Renowned for her searing portraits of corruption, complicity, greed, and inequality in modern society, celebrated Joshua Tree-based painter Georganne Deen further explores this ubiquitous elitism and immorality in her latest collection of haunting figurative paintings, Georganne Deen: Psychic Violence in America, currently on view at CB1 Gallery in downtown Los Angeles.
This Fort Worth, Texas-native has been tackling notions of corporate misconduct and depravity since moving to Los Angeles nearly forty years ago. Deeply inspired by the highly visual nature of comic books and pulp illustrations as well as the emotionality inherent in the works of Otto Dix, George Grosz, James Ensor, and Francisco Goya, this accomplished artist, poet, and musician’s first solo exhibition at the gallery reveals her titular Psychic Violence to be abuse without evidence and lack of laws preventing it. We are familiar with these enduring attacks on our mental and emotional wellbeing through widespread stories of abuse of power at highest levels of society. There is a sense of hopelessness and despair stemming from the assumption that nothing can be done.
Deen has been making work investigating notions of narcissism, the ego, hedonism, and devotion to money for decades. However, over the past year and a half, her work has begun to take a turn. It is now primarily addressing those at the very top of the social system as she has become more outraged by the widespread indifference to this mind-blowing lack of accountability. With her eye forever locked on the truth in a murkier, more emotion-based society, Deen has adopted the role of court painter in this post-modern age, depicting the drama as it unfolds and morphing character flaws into physical flaws to make a point.
Psychic Violence in America breaks down this invisible trauma into three different categories. The first category includes portraits of prominent men. Deen first creates these portraits as clay maquettes and covers them in foil to further exaggerate their sleazy grimaces. She then photographs these busts and paints them on muslim, and finally adds their signature uniform, the business suit. One especially gripping example of this type of portrait is Lew Ranieri — Architect of The Toxic Bundle (2017), a reptilian rendering of Lew Ranieri, the man responsible for selling subprime mortgages to the American public and causing the catastrophic Recession of 2008. His slimy grin and eerie, mask-like eye sends shivers down the spine. His face is seen in profile and yet his torso is turned towards the viewer, reflecting the duality of his character.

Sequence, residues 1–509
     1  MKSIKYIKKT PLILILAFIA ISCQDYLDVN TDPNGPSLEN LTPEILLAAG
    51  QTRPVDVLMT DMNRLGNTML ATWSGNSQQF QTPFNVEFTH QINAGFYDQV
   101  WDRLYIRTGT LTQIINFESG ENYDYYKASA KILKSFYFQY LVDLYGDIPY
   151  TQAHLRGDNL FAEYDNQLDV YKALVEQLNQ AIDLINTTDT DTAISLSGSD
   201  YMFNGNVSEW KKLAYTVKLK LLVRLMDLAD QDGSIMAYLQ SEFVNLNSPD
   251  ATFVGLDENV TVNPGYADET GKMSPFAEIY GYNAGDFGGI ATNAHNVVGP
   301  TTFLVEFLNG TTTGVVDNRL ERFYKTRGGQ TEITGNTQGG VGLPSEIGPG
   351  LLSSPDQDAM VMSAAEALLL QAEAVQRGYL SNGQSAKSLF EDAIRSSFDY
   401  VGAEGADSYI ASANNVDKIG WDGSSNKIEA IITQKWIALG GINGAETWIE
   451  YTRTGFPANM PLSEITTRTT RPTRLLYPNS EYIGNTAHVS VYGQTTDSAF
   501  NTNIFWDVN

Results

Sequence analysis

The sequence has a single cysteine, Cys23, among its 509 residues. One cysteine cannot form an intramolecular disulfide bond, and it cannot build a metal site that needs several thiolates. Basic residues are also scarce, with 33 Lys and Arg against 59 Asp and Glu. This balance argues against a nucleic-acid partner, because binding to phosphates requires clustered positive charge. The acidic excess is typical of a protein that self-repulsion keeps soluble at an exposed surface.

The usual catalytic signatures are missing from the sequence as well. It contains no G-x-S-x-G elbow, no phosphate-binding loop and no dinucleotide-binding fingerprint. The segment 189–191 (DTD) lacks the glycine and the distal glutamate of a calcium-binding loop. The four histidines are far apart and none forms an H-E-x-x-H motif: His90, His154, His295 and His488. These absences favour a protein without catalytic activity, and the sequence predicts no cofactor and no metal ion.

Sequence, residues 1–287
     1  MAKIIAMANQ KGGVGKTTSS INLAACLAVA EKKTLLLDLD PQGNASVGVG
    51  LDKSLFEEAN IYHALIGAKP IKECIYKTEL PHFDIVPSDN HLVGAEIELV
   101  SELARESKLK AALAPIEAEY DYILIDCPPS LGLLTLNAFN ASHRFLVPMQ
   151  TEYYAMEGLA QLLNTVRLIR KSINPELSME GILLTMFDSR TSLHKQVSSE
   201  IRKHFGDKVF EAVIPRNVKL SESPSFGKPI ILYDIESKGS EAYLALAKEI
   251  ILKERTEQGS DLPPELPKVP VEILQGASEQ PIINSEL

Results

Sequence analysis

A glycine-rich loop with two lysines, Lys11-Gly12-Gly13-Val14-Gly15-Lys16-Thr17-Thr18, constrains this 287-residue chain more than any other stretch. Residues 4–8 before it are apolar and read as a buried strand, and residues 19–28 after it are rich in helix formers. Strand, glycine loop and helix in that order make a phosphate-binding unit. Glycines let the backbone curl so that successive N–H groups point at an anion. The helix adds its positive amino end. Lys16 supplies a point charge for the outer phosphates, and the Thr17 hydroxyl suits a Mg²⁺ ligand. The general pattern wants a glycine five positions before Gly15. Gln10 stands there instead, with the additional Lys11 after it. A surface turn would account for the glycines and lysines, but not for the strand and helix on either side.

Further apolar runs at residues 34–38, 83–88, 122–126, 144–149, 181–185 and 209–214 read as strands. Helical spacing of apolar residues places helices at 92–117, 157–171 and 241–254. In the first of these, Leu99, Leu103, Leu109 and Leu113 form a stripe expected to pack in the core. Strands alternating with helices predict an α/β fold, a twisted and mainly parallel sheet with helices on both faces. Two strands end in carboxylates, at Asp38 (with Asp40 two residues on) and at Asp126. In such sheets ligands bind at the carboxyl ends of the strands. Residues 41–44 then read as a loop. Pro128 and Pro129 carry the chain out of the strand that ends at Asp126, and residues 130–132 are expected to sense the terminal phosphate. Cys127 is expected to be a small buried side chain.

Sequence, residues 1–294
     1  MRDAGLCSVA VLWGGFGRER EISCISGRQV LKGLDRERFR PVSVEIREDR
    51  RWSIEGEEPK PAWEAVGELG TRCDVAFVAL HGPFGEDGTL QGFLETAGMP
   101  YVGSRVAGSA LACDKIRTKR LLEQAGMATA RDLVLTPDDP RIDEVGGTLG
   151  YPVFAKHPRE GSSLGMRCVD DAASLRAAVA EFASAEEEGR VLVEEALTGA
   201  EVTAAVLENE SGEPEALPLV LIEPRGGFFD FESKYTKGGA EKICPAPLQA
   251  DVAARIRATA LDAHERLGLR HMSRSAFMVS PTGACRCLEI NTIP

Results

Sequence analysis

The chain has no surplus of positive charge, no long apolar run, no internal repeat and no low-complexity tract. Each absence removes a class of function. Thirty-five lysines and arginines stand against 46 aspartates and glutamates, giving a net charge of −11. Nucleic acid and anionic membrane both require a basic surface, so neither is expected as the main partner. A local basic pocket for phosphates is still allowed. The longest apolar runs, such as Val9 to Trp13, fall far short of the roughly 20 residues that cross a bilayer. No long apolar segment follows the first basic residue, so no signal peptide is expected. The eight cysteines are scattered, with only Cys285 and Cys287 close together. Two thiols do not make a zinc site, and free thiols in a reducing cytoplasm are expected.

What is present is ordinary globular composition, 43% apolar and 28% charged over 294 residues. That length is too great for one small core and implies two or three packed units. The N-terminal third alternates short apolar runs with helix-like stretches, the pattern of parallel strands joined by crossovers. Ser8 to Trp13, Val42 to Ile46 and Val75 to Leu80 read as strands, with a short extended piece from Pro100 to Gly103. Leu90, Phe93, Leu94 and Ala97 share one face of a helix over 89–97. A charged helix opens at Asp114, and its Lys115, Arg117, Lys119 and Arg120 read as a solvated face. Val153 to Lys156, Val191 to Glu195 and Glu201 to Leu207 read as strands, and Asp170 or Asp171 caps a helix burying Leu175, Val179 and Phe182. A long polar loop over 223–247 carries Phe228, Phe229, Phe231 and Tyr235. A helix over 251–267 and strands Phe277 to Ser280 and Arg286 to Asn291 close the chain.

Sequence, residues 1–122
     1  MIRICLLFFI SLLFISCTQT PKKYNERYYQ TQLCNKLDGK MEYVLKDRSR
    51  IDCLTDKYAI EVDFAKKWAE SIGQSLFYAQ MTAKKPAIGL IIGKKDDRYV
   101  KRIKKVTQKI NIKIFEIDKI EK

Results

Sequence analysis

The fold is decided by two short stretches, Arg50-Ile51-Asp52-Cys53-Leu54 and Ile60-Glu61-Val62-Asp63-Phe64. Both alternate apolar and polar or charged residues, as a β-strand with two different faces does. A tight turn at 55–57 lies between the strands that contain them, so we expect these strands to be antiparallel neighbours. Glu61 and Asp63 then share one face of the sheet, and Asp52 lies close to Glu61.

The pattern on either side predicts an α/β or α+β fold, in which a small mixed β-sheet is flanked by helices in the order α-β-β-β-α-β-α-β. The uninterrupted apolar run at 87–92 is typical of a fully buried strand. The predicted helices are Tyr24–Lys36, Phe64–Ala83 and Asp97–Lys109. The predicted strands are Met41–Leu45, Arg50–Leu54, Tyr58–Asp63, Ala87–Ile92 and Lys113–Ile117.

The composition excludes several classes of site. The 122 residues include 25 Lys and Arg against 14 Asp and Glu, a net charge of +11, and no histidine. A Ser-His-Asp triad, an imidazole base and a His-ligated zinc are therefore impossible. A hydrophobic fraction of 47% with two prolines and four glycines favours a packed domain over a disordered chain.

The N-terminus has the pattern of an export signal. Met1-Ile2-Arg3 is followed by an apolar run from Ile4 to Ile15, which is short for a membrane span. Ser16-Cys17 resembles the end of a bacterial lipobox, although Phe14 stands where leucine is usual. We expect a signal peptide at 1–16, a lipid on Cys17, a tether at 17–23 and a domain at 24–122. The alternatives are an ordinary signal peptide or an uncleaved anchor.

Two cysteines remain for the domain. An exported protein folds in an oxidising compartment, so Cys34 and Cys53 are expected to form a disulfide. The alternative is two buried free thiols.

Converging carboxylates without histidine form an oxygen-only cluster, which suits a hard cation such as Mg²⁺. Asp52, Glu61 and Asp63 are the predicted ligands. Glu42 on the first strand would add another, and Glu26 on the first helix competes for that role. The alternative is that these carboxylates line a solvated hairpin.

Another equally unnerving category of this psychic trauma is seen in Deen’s historically-based fashion illustrations and society portraits. Oozing glamour, the women depicted here are dressed in their fineries. However, they all feature a monsterous characteristic, such as alien-like tentacles dangling from their noses or a zombified face. We can see these tentacles in CEO of Goldman Sachs on Trial at the Hague in Balmain (2017). Inspired by 1950s fashion illustrations of Rene Bouche, this painting centers on an elegant older woman with a Marie-Antoinette-esque hairdo defiantly staring down the viewer and her critics. Also through Deen’s zombified woman depicted in Closed for renovations. Thank you for your continued patience ~ The Management in Pierre Cardin (2017), we see that women can also be complicit in these wrongdoings. By portraying these emblematic women as monsters, she allows us to question their humanity.
Further eroding our trust in human decency, the final category of psychic violence in this exhibition begins with vintage found photographs. Deen transfers these delicate, seductive images to muslin, alters the compositions, and then adds polarizing symbols or logos. One particularly disturbing example of this style is Memoirs of a Lobbyist (2017). Beginning its life as a movie poster, Deen took this half-nude woman with her back turned to the viewer and scrawled the Exxon logo into her back, revealing just how much massive corporations own populace. The subject is also disturbingly headless here, but luxurious golden squares float away from the area where her head should be. This visual is perhaps implying that she is not thinking for herself, but is seduced by the trappings of wealth. Strengthening this assumption, she is also wearing impractical and ostentatious jeweled underwear as well as the highest of heels. Beside this defeated-looking seated figure are the faintest outlines of a standing man wearing baby blue loafers, a flashy watch, and resting a lit cigar on the woman’s head. She is seen admiring and longingly touching this clearly expensive footwear while the cursive caption reads, “I just loved those little shoes the short guys wore.”
Georganne Deen’s Psychic Violence taps into the paradoxical, near-schizophrenic state of being both the oppressor and the oppressed at the same time. These fictional and yet all-too-real- seeming women are both the victims and the culprits here because they buy into this notoriously unscrupulous system. They are guilty of complicity and apathy, just like the public. There is a hope of gaining access to affluence by associating with these powerful, but dishonorable men, but at what cost?
Emily Nimptsch is Los Angeles Art Critic for Riot Material magazine. Ms. Nimptsch is also a freelance arts and culture writer who has written for Flaunt, ArtSlant, Artillery, ArteFuse, and Time Out Los Angeles.